Soccer Clubs Dodge Calls for Head-Injury Rules

     SAN FRANCISCO (CN) – Youth soccer players and their parents cannot force the Fédération Internationale de Football Association and U.S. soccer leagues to adopt concussion protocols or impose limits on headers, a federal judge ruled.
     Seven players and their parents sued FIFA in August 2014 for failing to protect young players from head injuries by encouraging them to return to the field after they suffer concussions.
     Some also filed claims against the American Youth Soccer Organization, Youth Soccer Organization, US Club Soccer, California Youth Soccer Association and The United States Soccer Federation.
     “We just received the opinion and we’re studying it carefully,” attorney Derek Howard with Minami Tamaki in San Francisco said in an interview Friday.
     The players and parents sought an injunction to enforce proper concussion-management practices and changes to the laws of the game to allow players to be taken out of a game and medically evaluated without penalty. They also wanted a limit on head shots taken by players under 17.
     If the players want to amend their claims, they will have to allege any specific injuries they sustained, Chief U.S. District Judge Phyllis J. Hamilton said.
     In her dismissal she wrote that the complaint was “replete with vague and conclusory allegations of ‘injuries’ and ‘harm’ supposedly inflicted by ‘all defendants’ on ‘all plaintiffs,’ ” but that none of the young players could show they had been injured or were in danger of injury.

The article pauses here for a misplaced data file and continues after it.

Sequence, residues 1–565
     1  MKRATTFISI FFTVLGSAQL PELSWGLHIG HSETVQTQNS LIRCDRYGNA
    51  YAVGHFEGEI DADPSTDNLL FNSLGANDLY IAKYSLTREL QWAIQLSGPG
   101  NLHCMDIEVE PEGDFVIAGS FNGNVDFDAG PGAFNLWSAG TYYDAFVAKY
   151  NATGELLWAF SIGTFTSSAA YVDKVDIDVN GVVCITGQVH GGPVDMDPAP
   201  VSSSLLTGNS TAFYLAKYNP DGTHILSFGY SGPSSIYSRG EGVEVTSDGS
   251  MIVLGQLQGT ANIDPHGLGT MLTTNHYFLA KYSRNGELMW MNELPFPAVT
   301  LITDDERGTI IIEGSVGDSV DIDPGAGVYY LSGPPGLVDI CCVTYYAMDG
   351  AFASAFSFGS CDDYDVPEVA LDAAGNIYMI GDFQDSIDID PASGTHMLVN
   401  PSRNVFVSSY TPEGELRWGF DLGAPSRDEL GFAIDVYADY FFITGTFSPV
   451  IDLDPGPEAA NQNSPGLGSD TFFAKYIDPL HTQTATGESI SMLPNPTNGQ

One player had suffered a concussion on one occasion but her increased risk of latent brain injury was not enough for Hamilton, who called the claim “speculative and nebulous.”
     Hamilton also dismissed the players’ negligence claim against FIFA and U.S. Soccer, for failing to promulgate rules on concussion management.
     “A defendant has no duty to protect a plaintiff against risks inherent in a particular sport voluntarily played by the plaintiff, since those who participate in a sporting activity that poses an inherent risk of injury generally assume the risk that they may be injured while doing so,” Hamilton wrote.
     She added that FIFA cannot call for changes to the rules of the game because only the Swiss International Football Association Board, a non-party to the case, has the power to do so.
     In a statement, FIFA said it welcomed Hamilton’s decision and that it will “continue its activities in relation to players’ health via its medical committee.”
     A U.S. Soccer representative said, “U.S. Soccer demonstrated its commitment to enhancing players’ safety long before the lawsuit was filed in August last year, and it will continue with that commitment after the dismissal of the suit.”
     Meanwhile, a FIFA representative pointed to a new head-injury protocol handed down by the medical committee in September 2014 that allows referees to stop the game for three minutes when a suspected concussion occurs so an injured player can be evaluated by a team doctor, who makes the final decision on whether the player can return to the game.
     The change was brought on by a particularly nasty head injury to German midfielder Christoph Kramer during the 2014 World Cup in Brazil. In a game against Argentina, Kramer collided with Argentinean defender Ezequiel Garay, smashing his jaw against Garay’s shoulder.
     While the plaintiffs can no longer pursue claims against FIFA, they have until August 17 to amend their claims against U.S. Soccer, USYSA, AYSO, and U.S. Club Soccer.

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